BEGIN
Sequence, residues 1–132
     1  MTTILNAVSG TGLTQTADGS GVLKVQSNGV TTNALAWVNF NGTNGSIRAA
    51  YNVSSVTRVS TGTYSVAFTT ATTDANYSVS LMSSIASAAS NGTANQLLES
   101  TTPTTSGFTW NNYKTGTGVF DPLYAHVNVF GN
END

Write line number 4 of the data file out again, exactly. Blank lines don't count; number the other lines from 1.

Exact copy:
   101  TTPTTSGFTW NNYKTGTGVF DPLYAHVNVF GN